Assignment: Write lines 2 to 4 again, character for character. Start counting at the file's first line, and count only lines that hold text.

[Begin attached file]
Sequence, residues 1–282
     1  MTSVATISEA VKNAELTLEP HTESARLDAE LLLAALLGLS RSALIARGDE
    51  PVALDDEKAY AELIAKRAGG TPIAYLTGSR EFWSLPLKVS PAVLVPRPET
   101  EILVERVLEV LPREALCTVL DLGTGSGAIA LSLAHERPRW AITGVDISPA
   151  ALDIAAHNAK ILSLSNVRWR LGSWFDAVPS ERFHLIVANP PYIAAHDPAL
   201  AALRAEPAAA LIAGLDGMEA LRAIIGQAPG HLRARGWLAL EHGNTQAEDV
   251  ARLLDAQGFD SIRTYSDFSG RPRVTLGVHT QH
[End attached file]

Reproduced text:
     1  MTSVATISEA VKNAELTLEP HTESARLDAE LLLAALLGLS RSALIARGDE
    51  PVALDDEKAY AELIAKRAGG TPIAYLTGSR EFWSLPLKVS PAVLVPRPET
   101  EILVERVLEV LPREALCTVL DLGTGSGAIA LSLAHERPRW AITGVDISPA